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How Can You Being ‘Drifting’ if You’re Working So Hard?

Should I go to graduate school?Drifting is the decision you make by not deciding, or by making a decision that unleashes consequences for which you don’t take responsibility.

If you want to dodge a fight with the people around you, or you want to please them, or you want to avoid a struggle with self-doubt or uncertainty — you drift. In my case, I drifted into law school.

Because I think drift is so important, I made a vow to myself that I’d raise the issue anytime I spoke to students — high school, undergraduate, or graduate. And it always strikes a chord.

For instance, each year I speak to a group of first-year medical students, and it turns out that medical students can be subject to drift. Initially, this surprised me, because I thought, “Medical school is so hard, and so specific, and takes so much time and money. No one would drift into med school.”

But no! It happens. People think, “My mother and father are both doctors, so I should be a doctor.” Or “I’m good at math and science, people keep telling me I should become a doctor.”

They can do it, and they don’t know what else to do, so they move forward. That’s drift.

So I was very interested, but not surprised, to see this piece by Tatiana Schlossberg in the New York Times, about the Sauermann and Roach study “Why Pursue the Postdoc Path?” Schlossberg writes:

“Doctoral students in the sciences are more like the rest of us than previously thought: They don’t know what they want to do with their lives, either… The authors [of the study found] evidence that many students pursued postdocs as a default option after graduate school, or as part of a ‘holding pattern’ until the job they wanted was available. The authors… conclusively demonstrated the need for more career planning among graduate students, and that graduate students should consider their career paths before they even begin a Ph.D. program.”

In other words, these students drifted into graduate work without a clear plan for why they were there.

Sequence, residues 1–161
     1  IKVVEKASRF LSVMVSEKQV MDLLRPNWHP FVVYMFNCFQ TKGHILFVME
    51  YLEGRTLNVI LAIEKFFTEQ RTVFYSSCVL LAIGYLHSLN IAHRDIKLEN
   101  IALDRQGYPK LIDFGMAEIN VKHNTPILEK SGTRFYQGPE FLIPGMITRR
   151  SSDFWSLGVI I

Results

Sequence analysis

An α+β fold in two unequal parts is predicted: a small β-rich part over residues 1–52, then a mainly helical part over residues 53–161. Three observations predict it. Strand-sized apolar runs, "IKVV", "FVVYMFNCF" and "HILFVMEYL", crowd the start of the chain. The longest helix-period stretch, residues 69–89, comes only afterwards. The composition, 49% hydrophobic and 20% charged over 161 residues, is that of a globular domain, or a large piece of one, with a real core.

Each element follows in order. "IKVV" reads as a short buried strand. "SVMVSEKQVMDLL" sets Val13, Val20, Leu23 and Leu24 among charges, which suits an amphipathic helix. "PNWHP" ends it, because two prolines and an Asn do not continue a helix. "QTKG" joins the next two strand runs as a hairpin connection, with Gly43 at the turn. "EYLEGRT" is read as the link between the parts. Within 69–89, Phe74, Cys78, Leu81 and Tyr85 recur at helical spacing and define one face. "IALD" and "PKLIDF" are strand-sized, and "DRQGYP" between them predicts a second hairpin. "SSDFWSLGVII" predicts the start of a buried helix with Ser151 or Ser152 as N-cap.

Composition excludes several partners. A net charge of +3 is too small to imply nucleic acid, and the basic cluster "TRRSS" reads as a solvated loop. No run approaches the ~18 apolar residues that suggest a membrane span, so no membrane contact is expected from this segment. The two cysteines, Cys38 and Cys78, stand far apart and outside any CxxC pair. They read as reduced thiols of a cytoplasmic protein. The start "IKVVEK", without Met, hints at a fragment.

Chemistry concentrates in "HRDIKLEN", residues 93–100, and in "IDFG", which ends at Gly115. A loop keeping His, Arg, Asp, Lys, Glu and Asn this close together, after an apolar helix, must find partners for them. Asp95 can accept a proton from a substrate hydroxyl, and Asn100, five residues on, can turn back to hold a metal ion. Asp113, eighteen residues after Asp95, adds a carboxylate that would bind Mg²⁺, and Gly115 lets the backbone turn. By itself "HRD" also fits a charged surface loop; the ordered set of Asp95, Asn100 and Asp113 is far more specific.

The word “drift” has overtones of laziness or ease. Not true! Drift is often disguised by a huge amount of effort and perseverance. Just because you’re working hard — I’m sure those graduate students are working hard — is no guarantee that you’re not drifting.

Here’s another complication. I drifted into law school, and in the end, I’m happy I did go to law school. Sometimes drift does make you happy. But don’t count on it.

One of my drift-related Secrets of Adulthood is “You can choose what you do, but you can’t choose what you like to do.”

And here’s another one: “Approval from the people we admire is sweet, but it’s not enough to be the foundation of a happy life.”

If you want to hear me talk about drift, and tell my law-school story, you can watch it here on YouTube.

You can also take the popular quiz, Are You Drifting?

Have you ever found yourself drifting? How did you start, how did you end it — or not?

How Can You Being ‘Drifting’ if You’re Working So Hard?


Gretchen Rubin

Gretchen Rubin is the award-winning author of The Happiness Project, a #1 New York Times bestseller. You can also watch the one-minute book video. She is a regular contributor to Psych Central.


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APA Reference
Rubin, G. (2018). How Can You Being ‘Drifting’ if You’re Working So Hard?. Psych Central. Retrieved on June 18, 2019, from https://psychcentral.com/blog/how-can-you-being-drifting-if-youre-working-so-hard/
Scientifically Reviewed
Last updated: 8 Jul 2018
Last reviewed: By a member of our scientific advisory board on 8 Jul 2018
Published on Psych Central.com. All rights reserved.